The government's current high speed broadband programme's slow progress is hampering the UK manufacturing sector, an Engineering Employers' Foundation (EEF) survey has found.

Members of EEF, the manufacturers' association, said that they are becoming increasingly dependent on high quality broadband access to maintain customer and supplier relationships like supporting maintenance and servicing.

But despite a reported improvement in broadband over the last two years, digital networks are still poorly rated. Just under half of manufacturers surveyed said the UK's digital infrastructure networks were 'poor'.

The chancellor's high speed broadband programme was too slow and there is a lack of communication and clarity regarding upgrades to the network, members said.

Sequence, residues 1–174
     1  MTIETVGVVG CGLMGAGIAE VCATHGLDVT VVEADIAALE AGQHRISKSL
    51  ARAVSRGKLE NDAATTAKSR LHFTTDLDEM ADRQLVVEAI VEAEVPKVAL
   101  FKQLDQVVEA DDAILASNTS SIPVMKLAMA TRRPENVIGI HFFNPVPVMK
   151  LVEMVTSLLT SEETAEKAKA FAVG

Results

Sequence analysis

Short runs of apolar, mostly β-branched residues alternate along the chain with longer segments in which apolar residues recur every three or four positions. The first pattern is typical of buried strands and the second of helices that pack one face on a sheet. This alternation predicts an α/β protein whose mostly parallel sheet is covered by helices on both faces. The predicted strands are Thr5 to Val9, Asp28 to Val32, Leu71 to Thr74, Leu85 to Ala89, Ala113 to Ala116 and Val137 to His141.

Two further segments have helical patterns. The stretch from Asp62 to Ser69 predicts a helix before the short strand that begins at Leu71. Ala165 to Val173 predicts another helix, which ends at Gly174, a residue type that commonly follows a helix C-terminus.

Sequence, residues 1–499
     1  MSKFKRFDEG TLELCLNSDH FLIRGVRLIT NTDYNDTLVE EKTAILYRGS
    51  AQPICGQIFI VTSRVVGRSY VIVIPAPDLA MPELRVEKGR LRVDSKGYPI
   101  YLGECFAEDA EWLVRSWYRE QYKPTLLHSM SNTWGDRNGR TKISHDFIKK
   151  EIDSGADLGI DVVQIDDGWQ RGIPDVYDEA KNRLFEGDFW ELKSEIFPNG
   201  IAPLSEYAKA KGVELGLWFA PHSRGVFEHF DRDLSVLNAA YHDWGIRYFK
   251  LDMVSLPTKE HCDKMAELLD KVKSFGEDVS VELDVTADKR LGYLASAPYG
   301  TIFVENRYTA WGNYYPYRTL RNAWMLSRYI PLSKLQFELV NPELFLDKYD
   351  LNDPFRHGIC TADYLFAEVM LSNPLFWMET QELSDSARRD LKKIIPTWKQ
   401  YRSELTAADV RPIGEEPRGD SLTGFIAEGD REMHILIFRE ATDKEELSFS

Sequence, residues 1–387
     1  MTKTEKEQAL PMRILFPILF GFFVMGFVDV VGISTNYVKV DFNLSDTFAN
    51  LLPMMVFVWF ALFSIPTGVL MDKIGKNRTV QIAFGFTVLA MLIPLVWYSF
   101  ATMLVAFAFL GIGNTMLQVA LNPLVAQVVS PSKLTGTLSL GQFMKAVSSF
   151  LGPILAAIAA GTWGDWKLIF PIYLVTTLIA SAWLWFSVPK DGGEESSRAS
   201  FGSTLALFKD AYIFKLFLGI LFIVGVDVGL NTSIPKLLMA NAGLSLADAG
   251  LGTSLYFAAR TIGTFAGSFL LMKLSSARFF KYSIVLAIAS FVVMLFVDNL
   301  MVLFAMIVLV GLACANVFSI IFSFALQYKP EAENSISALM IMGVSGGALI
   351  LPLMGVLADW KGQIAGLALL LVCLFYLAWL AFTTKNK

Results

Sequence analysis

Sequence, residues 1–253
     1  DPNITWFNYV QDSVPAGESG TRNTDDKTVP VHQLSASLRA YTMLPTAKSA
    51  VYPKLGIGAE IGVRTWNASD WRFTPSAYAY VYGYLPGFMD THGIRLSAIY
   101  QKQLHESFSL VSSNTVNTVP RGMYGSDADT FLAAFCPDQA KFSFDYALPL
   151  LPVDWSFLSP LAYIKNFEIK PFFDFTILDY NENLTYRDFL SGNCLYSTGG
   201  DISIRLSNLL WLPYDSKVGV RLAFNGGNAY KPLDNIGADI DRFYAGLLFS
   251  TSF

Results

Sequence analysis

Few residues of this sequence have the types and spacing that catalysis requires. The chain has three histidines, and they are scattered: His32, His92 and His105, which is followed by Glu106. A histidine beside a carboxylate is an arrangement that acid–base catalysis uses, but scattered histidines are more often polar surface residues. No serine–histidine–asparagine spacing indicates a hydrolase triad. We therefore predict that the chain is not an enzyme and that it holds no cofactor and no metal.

Further investment in broadband should be a top priority for government, along with road and energy networks, they added.

Chris Richards, business environment policy advisor at EEF said: "The message from manufacturers to the chancellor for the remainder of this parliament is clear; complete the job on vital roads, energy and broadband projects. As far as industry is concerned these are far more important than redirecting planning resources to new aspirational projects."

The survey results closely follow research from the office for national statistics, which revealed that UK manufacturing firms with poor IT saw productivity fall. Firms that have invested in better connectivity have become more profitable, with 11 percent productivity growth per year.

The EEF suggested a permanent 'UK Infrastructure Authority' to "help identify long term infrastructure needs, improve integration between transport networks and, develop analysis in a more transparent way to better gain public trust for major infrastructure projects".